Former Obama official Evelyn Farkas appeared on MSNBC this week to discuss a March 1 story in The New York Times about how the “Obama administration rushed to preserve intelligence of Russian election hacking.”
Co-host Mika Brzezinski introduced Farkas, who was deputy assistant secretary of defense in the Obama administration, saying she “actually knew about this attempt to get and preserve information…and were doing some work yourself.”
Farkas responded by admitting her colleagues worked to preserve intelligence on Trump’s staff before President Obama left the White House.
“Well, I was urging my former colleagues, and, and, frankly speaking, the people on the Hill, it was more actually aimed at telling the Hill people, get as much information as you can – get as much intelligence as you can – before President Obama leaves the administration,” said Farkas, who’s now a senior fellow at the Atlantic Council.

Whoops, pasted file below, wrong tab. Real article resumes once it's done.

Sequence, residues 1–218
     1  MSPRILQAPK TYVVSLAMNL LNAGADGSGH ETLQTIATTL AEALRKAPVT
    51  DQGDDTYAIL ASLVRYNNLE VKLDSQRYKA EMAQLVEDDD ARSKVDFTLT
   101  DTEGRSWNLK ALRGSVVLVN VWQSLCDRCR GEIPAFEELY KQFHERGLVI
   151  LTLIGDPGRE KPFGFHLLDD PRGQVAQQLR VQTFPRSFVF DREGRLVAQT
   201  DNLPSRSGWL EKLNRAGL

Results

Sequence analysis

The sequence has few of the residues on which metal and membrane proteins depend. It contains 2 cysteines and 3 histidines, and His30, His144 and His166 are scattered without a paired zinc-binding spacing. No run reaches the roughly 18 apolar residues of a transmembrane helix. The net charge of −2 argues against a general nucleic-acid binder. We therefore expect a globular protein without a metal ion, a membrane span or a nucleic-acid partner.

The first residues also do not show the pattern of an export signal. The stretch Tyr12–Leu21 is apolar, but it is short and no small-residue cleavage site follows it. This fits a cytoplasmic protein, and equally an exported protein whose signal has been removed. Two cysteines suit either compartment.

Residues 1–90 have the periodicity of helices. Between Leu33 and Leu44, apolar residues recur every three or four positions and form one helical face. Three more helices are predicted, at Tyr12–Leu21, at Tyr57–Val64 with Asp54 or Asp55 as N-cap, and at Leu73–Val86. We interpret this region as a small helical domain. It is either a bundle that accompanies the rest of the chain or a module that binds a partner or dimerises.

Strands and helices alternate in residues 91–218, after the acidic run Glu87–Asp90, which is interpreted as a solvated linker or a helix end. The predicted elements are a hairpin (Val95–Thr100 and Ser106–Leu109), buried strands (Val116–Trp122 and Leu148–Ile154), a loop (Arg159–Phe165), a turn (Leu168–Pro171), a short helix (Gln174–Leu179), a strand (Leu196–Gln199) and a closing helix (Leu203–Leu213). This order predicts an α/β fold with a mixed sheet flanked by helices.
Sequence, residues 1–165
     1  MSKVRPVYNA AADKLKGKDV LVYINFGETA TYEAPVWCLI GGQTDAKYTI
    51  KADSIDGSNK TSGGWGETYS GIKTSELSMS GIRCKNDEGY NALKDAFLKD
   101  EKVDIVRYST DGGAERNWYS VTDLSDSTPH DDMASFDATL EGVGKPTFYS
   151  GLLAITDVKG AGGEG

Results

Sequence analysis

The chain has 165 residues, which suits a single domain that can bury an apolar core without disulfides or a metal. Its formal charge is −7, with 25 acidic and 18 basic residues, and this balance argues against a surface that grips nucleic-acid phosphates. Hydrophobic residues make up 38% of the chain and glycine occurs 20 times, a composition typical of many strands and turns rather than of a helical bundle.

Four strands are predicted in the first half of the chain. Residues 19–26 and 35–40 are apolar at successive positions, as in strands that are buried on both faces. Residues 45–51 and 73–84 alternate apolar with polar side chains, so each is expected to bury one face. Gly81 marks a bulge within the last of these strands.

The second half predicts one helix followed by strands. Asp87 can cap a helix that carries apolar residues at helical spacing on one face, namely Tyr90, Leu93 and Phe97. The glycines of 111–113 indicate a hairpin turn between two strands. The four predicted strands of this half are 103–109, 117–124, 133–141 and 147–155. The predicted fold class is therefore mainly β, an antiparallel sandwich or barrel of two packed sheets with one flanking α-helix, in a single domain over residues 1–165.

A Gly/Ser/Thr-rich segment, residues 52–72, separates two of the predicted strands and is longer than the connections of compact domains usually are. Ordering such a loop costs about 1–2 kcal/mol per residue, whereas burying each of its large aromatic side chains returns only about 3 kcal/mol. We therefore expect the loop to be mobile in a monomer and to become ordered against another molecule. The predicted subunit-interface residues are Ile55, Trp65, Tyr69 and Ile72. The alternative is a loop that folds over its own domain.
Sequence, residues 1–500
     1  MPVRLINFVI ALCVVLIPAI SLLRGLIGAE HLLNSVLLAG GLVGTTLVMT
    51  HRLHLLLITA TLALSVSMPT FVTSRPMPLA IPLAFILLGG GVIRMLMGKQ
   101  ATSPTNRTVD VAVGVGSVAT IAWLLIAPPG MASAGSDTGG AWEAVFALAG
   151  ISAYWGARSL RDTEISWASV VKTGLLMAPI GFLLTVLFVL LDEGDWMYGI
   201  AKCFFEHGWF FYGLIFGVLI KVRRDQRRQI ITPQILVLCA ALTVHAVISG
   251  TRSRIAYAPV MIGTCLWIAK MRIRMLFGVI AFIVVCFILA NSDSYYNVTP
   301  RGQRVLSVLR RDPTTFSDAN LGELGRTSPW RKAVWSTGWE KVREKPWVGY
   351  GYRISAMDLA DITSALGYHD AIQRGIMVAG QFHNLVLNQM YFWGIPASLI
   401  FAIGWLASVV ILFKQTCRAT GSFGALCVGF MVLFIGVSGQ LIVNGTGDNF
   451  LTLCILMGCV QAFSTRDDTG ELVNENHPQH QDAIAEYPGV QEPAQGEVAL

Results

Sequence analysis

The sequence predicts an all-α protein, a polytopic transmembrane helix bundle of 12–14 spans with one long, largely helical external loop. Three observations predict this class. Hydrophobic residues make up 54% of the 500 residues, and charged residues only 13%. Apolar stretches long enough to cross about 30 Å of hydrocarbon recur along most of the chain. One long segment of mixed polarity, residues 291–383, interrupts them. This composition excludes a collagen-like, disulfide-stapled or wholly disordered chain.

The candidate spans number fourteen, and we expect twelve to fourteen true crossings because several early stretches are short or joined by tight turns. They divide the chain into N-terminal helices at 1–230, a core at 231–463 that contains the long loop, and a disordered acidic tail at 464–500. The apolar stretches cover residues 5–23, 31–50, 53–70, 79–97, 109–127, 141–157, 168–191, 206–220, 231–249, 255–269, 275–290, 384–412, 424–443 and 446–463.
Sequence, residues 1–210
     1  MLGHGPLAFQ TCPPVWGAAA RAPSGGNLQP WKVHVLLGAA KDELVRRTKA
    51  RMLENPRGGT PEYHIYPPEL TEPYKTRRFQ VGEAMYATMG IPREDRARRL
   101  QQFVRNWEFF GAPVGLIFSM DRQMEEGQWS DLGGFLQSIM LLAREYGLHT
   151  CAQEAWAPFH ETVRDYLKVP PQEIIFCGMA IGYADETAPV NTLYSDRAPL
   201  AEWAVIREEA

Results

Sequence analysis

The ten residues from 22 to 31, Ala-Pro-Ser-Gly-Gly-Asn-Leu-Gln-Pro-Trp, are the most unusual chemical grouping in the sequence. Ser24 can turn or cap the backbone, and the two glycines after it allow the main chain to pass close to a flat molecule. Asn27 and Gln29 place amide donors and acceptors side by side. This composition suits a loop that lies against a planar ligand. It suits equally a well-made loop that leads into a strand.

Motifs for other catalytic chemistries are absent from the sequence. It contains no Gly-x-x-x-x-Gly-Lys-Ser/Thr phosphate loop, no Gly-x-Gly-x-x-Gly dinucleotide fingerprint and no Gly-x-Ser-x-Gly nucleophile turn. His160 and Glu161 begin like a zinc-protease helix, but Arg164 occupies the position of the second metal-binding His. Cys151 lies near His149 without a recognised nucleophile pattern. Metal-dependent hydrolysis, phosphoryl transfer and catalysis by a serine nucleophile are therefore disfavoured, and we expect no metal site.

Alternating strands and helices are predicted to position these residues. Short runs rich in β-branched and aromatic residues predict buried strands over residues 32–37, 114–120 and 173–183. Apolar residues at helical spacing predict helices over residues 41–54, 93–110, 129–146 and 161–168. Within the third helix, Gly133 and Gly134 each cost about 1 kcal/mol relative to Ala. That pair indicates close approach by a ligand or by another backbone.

“Because I had a fear that somehow that information would disappear with the senior [Obama] people who left. So it would be hidden away in the bureaucracy, um, that the Trump folks – if they found out how we knew what we knew about their, the Trump staff, dealing with Russians – that they would try to compromise those sources and methods — meaning we would no longer have access to that intelligence.”
Chairman of the House Intelligence Committee Devin Nunes has come under fire from lawmakers over his claim that Obama’s intelligence community monitored members of Trump’s transition team. Democrats have called for him to recuse himself from investigations on Russia, but Nunes and his congressional allies have pushed back.
But whether communications among Trump transition members were improperly gathered is only one part of the equation. The other is the controversy over how the information was shared. Nunes said the details were “widely disseminated” among the intelligence community—a point Farkas seems to confirm.
"So I became very worried because not enough was coming out into the open and I knew that there was more. We have very good intelligence on Russia," she said. "So then I had talked to some of my former colleagues and I knew that they were trying to also help get information to the Hill."
Watch the clip below starting around the 4:50 mark: